After acquiring the boarding pass, I make it to the plane with a friend, and we begin our Costa Rican journey.  I build up a steady underlying layer of anxiety in the plane seat, knees rammed up against the seat in front of me, I try to sleep but end up merely increasing the soreness in my neck.  My travel buddy snores next to me, I look upon in envy.  Around me, the cabin is dark, a light here and there marks other people who either find their minds best honed in the dark, or perhaps unable to sleep.  I listen to music and close my eyes.

When I arrive in the airport, It’s not perfectly obvious I am outside the states, everything is as it should be, the restrooms are down the hall, people of all nationalities walk around.  After taking a few turns through the immigration system, I can see towering green mountains surrounding the airport of San Jose.  A police woman walks outside wearing reflective aviator glasses, looking badass and reminding me of a female version of the T1000 from Terminator 2 in his cop suit.


One stamp on my passport later, and a shuttle to the car rental place, and I am overcome by the different-ness of where I am.  We drive past a park, people playing soccer, little horses slowly making laps around it with excited kids on their backs, cars veering every which way to get to where they need to be.  The roads are chaos.  It’s aggressive, instinctual driving, I knew this was going to have a slight learning curve, but as always I am very excited to partake.  We laugh as I dart through cars and traffic, I woulda inspired serious road rage home but here it seems to be how it goes.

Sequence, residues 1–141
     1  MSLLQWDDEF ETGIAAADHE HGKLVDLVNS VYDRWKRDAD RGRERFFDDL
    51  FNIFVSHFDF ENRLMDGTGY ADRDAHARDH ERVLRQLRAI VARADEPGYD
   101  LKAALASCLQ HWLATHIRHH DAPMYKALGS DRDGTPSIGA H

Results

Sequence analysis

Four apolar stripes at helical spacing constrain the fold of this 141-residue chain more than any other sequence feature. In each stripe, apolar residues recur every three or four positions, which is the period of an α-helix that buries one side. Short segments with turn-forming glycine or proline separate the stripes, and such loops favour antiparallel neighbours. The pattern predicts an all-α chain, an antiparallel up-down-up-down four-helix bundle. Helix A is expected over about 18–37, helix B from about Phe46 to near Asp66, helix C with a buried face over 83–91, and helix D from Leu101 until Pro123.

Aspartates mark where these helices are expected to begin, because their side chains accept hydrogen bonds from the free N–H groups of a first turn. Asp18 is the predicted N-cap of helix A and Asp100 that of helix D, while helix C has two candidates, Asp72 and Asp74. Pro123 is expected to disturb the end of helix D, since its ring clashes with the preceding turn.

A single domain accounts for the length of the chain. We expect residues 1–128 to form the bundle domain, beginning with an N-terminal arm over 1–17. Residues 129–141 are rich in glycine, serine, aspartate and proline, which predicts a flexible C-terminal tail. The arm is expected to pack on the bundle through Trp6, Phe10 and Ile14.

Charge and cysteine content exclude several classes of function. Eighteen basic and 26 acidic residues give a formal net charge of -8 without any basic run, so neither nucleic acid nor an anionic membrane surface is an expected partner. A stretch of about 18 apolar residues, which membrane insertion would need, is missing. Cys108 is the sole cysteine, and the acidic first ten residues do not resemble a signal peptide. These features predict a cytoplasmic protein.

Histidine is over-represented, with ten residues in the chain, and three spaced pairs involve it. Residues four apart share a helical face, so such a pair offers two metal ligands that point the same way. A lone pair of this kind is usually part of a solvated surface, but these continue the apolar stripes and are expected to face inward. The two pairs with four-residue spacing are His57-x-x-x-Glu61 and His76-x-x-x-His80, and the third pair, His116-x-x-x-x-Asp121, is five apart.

Language barriers slow the car rental process, my phone doesn’t work and I can’t get my confirmation number for the car, I use their computer slightly terrified that every password I enter is being recorded to be used to steal my identity.  We show the clerk our map that shows the location of the bed & breakfast where we are to stay, it was the wrong place, he corrects us and we’re off.  The freeway is a bit scrunched, there are tons of motorcycles, and the vehicles are a mix of brand new with very old, some that I was amazed to see functioning at all.

We arrive in a neighborhood, everything is behind iron gates, fenced in, I look at my pal and we wonder if we’ve entered a warzone.  We hypothesize about past riots after soccer games, or government coups, and after talking with the homeowner he un-excitedly reveals to us that the neighborhood is very safe, and that it’s just the style.  The b&b is cool, banana tree and hammocks in the backyard, random people here and there.



We take to the streets after settling to grab a bite, everyone looks at us like we’re the weirdos, I kinda like it.  After walking through a restaurant with some unspectacular looking grub, we find ourselves an Argentinian empanada place, we communicate with meaningful gestures with its proprietor, she takes a few of the bills in my hand as I panic to try and recollect the exchange hoping she didn’t just take a small fortune, it checks out and we eat the most delicious deep fried meal I’d ever had, with a blueberry drink that tasted like shit.